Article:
The research team used data from numerous projects where microplastic particles were released into the ocean since 2017, monitoring progress using marine-based technologies as well as direct sampling of the water column during a research cruise.

After processing, a microscope was then used to identify each type of marine debris, totaling 260 microplastic fragments and fibers. All of this data was subsequently used in modeling software to determine the trajectories from source to beach sink and produce distribution maps.

Marine microplastics: how water mass dispersal impacts transport trajectories
Concentration of marine microplastics (both fibres and fragments) obtained from 5 collection stations, sampled through the water column at depths of 50–1100 m. (NASW, North Atlantic Surface Water; NACW, North Atlantic Central Water; AAIW, Antarctic Intermediate Water; MW, Mediterranean Water). Credit: Credit: Frontiers in Marine Science (2024). DOI: 10.3389/fmars.2024.1314754

Dr. Vega-Moreno and colleagues identified 200 m water depth as a key accumulation window for both fragments and fibers, while 1,100 m water depth is a critical point for high accumulation of fragments both <200 μm and >200 μm. While the former may be due to natural sinking through the , the latter is likely partially linked to the flow of Mediterranean Water, the high-salinity outflow from the Strait of Gibraltar.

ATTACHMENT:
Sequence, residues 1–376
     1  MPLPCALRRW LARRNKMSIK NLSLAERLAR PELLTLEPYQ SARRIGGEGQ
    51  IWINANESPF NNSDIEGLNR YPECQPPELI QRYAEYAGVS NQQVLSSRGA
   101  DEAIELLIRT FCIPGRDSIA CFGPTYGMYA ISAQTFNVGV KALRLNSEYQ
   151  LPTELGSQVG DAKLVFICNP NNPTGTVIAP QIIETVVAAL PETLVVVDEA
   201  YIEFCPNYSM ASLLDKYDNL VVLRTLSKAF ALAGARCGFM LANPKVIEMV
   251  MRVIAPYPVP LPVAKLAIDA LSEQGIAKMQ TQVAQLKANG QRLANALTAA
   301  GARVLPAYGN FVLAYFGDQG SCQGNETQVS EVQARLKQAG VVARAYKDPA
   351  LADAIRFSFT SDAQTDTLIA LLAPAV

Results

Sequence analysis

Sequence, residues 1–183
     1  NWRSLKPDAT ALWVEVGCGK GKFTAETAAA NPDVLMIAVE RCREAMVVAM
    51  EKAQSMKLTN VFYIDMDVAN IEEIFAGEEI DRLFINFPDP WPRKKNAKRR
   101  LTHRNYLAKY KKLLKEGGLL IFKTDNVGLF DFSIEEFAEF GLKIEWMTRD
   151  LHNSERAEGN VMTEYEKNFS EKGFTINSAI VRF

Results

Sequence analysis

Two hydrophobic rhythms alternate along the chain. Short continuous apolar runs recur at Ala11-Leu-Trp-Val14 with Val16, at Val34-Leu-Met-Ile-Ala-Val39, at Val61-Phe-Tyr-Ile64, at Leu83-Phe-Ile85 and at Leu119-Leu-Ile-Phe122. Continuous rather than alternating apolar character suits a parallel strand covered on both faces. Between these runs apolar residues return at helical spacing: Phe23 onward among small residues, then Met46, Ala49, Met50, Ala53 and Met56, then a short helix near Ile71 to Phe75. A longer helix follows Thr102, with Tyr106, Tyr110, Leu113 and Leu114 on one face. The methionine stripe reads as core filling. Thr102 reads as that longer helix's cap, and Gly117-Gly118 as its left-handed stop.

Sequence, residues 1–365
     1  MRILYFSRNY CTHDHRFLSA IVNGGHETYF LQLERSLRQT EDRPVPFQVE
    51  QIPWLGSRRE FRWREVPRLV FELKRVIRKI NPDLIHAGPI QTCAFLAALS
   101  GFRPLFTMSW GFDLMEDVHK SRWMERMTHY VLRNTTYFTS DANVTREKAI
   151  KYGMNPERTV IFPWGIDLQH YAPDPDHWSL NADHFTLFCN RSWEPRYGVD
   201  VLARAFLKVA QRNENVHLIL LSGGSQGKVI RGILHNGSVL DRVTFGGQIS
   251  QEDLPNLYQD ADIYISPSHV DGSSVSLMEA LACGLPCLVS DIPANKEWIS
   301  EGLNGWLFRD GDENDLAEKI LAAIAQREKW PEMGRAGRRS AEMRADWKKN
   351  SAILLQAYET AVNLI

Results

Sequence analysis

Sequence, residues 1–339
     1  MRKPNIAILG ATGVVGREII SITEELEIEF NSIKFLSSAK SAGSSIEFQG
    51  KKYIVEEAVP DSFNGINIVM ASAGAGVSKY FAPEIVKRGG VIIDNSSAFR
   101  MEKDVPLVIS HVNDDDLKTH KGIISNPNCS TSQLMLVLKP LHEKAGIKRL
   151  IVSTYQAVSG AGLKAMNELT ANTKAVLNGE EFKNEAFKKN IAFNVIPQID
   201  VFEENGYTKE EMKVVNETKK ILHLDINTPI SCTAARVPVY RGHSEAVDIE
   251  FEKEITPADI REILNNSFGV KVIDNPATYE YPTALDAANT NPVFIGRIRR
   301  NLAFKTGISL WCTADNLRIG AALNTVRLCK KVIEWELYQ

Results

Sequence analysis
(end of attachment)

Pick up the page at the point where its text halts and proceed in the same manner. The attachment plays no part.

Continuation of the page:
This water mass sinks below the North Atlantic Central Water to the seafloor in the Atlantic Basin to depths of 1,000–1,200 m and disperses towards the Canary Islands. The Mediterranean Sea from which the water originated is known to have a high concentration of both large plastic pieces and microplastics, with estimates of up to 10% of global marine plastic pollution being in the Mediterranean Basin alone.

Small microplastics (<1 mm) and those that are flattened or degraded are likely to be entrained in this descending water mass and therefore carried vast distances across the ocean basin at depth.

Assessing the transport pathways of marine microplastics and therefore where they may wash ashore is important for targeted removal techniques, as well as mitigating the consequences on marine and coastal biota. This research highlights the role deeper water masses have to play in dispersing plastic pollution, thus further work on the locations of intermediate (~1,000 m) to deep water (>2,000 m) formation is vital, especially as this includes polar regions.

More information: Daura Vega-Moreno et al, Exploring the origin and fate of surface and sub-surface marine microplastics in the Canary Islands region, Frontiers in Marine Science (2024). DOI: 10.3389/fmars.2024.1314754

Journal information: Frontiers in Marine Science

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Citation: Marine microplastics: How water mass dispersal impacts transport trajectories (2024, February 21) retrieved 14 April 2024 from